With my homework finished, I needed another knitting fix to tide me over between now and the next knit class. So I was exceedingly naughty and broke my rules about spending money on new craft items and went to the local shop and bought the supplies to make a felted clutch that I saw in a recent magazine. They didn't have the lush raspberry colored yarn that I really wanted, but I found something suitable and some new needles to go with it. Since this will be a felted project, the needles are HUGE! Size 13! Should be interesting since I've never knitted anything on such big needles before. Check out my new fun project:

I can't wait to get started! Of course, I still have to worry about getting in shape for that Hawaiian vacation I'm going on in March, so I better not cast on any stitches until I've worked out first, or that bikini is really going to be a lost cause!

Monday, January 23, 2006

Knit one

My husband has been bogarting the computer for the past week since his had a major meltdown last weekend. I don't mind sharing, but it makes it hard to post to my blog when he's busy looking at kayaking stuff.

My first knitting class was last Thursday (1/19). I went straight from work, with one short detour through my favorite coffee stand, and ended up with a lot of time to kill. It surprised me how uncomfortable I felt loitering in the snack and study area with my magazine and coffee. Before moving here 3 years ago I worked at a university for about 4 years and never felt this out of place. Back then I dressed the part - whatever the "kids" were wearing I wore too, and I was often mistaken for a student which never failed to make my day. A couple girls wandered towards the vending machines I sat near, their strident voices echoing down the tile hallway. Couldn't they see the sign that said "Quiet - Study Area"? I thought this and then instantly laughed to myself for sounding so uptight. They hovered around the vending machines, making their choices and discussing something to do with one of their friends. Their voices were heady with youth and entitlement. I concentrated on my magazine feeling like an interloper, wondering if I looked as foreign to them as I felt. Of course this was a community college and they were probably used to seeing older people in their classes and down the hallways. I wondered if it was just the first class jitters (I always got these on the first day of school - was I in the right room, did I bring the right book, was it the right day and time?) making me feel this way or just that I'd started to feel I looked my age and was aware of the sharp contrast between the youth of the students I was encountering and what I viewed as my own sad, wrinkled visage?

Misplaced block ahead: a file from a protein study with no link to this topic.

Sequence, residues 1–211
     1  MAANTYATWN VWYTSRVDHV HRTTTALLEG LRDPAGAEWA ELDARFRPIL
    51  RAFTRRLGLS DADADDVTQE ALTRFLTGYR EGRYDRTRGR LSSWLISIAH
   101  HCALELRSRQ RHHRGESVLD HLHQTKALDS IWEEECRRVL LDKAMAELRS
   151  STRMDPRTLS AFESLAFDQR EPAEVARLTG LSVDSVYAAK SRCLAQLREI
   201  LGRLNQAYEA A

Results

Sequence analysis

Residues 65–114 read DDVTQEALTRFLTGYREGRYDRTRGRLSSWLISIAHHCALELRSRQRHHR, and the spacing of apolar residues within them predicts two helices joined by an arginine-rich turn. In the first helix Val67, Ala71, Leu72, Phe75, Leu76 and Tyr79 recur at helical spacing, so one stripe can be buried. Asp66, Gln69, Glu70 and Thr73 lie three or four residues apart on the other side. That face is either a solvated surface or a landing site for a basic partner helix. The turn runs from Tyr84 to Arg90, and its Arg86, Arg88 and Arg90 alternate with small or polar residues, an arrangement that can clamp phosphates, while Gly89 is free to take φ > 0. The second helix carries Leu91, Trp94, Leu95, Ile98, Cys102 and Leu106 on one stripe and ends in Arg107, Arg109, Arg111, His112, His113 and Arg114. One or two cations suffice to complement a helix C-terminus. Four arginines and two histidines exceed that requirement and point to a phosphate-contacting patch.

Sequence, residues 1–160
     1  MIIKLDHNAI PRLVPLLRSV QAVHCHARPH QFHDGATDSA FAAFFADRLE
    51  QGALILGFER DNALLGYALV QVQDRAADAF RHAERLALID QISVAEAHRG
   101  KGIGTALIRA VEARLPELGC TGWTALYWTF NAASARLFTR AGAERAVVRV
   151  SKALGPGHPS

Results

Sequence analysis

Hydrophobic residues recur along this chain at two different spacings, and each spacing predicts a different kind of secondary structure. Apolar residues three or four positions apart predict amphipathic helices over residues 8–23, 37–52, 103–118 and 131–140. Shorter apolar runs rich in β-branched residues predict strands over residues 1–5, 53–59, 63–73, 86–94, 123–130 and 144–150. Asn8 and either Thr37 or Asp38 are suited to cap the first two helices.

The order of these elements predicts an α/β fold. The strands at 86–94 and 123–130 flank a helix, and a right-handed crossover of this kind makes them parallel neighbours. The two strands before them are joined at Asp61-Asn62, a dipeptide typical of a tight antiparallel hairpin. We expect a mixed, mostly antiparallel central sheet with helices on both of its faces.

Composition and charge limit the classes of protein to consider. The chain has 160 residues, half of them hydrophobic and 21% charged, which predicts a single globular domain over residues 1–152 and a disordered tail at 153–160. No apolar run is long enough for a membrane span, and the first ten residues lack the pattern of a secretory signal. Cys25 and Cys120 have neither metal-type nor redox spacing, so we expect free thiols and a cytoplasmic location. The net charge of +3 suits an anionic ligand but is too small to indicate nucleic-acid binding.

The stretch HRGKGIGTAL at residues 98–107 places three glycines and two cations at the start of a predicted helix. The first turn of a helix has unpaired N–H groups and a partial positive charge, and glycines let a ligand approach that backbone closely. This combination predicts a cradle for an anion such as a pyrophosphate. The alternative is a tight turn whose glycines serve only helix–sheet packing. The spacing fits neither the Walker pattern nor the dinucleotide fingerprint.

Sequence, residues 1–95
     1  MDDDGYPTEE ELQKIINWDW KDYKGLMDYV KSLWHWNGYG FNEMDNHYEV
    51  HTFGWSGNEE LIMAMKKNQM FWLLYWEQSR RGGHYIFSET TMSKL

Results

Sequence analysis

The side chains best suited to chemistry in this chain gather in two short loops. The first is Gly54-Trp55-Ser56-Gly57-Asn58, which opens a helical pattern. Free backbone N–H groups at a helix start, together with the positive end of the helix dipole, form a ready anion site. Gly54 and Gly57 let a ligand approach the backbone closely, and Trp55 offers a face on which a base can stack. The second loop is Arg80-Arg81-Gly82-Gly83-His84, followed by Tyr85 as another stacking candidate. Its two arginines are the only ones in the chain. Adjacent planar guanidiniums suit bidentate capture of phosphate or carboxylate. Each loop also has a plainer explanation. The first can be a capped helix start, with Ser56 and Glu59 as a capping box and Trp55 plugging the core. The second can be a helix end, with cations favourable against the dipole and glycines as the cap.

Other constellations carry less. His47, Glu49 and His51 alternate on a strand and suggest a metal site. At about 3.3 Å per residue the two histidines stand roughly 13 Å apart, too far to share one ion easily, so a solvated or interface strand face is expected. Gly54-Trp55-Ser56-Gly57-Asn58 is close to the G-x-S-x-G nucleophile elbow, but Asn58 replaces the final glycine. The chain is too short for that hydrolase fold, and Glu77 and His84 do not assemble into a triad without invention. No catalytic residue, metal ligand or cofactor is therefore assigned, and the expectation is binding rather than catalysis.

I felt better when I got to class. I was definitely in the right room and it turned out I was one of about 4 of the youngest students there. At least, that's what I guessed from looking around at the 15 other faces in the room. We sat in three groups of 5 students and thankfully skipped that dreaded activity they seem to put you through in every single small class college course I've ever taken; you know the one where they make you introduce yourself and tell everyone something about why you are taking the class or where you're from or what makes you tick. They might as well shove hot needles into my eye. I might enjoy it more than I do that particular first day activity. But thankfully I was spared.